“The disconnect between what we take care of in pediatric subspecialties and adult medicine – not just in age but life stages, and structural differences due to congenital versus acquired conditions – is at the crux of why care transition matters,” says May Ling Mah, MD, director of ACHD In-Patient Services in The Heart Center at Nationwide Children’s and a practitioner in Nationwide Children’s Adolescent and Adult Congenital Heart Disease Program.

Dr. Mah believes a global adult transition program – one in which adult providers housed within freestanding children’s hospitals offer onsite care for adult-related problems as well as pediatric-specific health issues – may offer a creative way to address this growing challenge.


The general consensus in care transition planning is that something is probably better than nothing. But the devil is always in the details.

“All kids need a transition process. It’s really just developmental and learning how to navigate the health system when they become young adults,” says Stacy Ardoin, MD, section chief of Rheumatology at Nationwide Children’s, an active contributor to the development of condition-specific transition guidelines for the American College of Rheumatology, and a clinician-researcher engaged in numerous studies on the transition process. “But not every person, chronic disease or not, needs the same level of intense support. We need a way to identify those individuals at risk for not having a good transition and then tailor more intense support for them.”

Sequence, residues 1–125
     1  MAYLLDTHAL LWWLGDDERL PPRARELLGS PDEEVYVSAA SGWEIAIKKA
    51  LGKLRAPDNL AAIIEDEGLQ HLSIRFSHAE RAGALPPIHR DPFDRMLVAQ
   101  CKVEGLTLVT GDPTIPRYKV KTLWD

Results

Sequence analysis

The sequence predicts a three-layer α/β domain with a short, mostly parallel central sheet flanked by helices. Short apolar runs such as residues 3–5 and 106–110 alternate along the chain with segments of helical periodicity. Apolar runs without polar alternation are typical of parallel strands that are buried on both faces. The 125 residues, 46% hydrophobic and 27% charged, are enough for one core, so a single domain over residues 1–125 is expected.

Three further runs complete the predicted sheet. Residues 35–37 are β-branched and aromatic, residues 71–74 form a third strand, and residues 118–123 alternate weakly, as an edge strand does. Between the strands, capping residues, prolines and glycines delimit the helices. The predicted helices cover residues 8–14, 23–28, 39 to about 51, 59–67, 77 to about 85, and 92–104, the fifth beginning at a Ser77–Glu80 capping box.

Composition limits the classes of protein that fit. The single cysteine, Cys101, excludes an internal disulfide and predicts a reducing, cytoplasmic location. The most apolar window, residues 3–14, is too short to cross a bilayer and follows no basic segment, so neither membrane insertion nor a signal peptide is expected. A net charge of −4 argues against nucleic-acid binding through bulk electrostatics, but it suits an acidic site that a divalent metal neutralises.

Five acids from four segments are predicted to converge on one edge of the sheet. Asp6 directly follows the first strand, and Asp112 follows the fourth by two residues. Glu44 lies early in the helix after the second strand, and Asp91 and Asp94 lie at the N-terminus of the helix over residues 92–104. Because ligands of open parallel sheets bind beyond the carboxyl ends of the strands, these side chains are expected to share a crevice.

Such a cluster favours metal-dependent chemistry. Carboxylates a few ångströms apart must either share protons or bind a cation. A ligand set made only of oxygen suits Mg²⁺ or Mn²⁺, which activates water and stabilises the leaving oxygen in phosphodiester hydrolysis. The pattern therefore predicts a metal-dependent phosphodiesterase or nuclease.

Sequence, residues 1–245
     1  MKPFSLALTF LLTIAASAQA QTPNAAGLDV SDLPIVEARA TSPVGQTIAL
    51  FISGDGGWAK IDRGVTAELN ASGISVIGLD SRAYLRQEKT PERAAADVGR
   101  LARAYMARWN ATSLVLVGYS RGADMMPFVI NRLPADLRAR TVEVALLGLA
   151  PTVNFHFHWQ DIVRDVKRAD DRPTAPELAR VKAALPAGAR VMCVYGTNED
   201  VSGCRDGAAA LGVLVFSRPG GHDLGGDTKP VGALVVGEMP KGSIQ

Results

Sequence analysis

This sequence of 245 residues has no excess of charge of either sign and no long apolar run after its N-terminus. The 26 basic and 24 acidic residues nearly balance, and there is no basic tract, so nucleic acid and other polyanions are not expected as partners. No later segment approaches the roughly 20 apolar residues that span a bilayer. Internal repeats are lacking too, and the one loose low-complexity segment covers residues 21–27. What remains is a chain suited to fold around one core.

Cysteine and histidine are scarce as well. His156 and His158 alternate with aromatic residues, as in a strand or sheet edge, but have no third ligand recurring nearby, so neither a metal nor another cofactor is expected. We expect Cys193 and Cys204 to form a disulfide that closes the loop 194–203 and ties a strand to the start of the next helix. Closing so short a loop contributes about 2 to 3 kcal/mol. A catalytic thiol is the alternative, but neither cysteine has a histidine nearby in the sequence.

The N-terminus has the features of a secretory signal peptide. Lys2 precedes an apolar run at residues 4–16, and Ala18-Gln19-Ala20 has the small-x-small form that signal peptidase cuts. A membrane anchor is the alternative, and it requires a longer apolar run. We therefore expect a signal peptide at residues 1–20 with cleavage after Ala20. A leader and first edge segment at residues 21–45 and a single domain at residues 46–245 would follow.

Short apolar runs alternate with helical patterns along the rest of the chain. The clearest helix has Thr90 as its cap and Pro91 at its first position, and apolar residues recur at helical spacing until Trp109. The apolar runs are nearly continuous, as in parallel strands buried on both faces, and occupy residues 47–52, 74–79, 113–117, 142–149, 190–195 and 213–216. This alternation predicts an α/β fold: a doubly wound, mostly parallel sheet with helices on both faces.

For this reason, readiness assessment is key. When resources are limited (and perhaps even when they’re not), those who would suffer the most from a disconnect in care or who are least likely to be able to transition independently should be the focus of physicians’ attention in the provision of active care transition planning.

In practice, care transition planning can be initiated with little effort. For example, physicians can simply begin asking patients between the ages of 12 and 16 about their understanding of their own care and future responsibilities. Physicians can then gradually work toward appointments wherein primarily the child answers the questions and discusses their care needs, rather than the parent.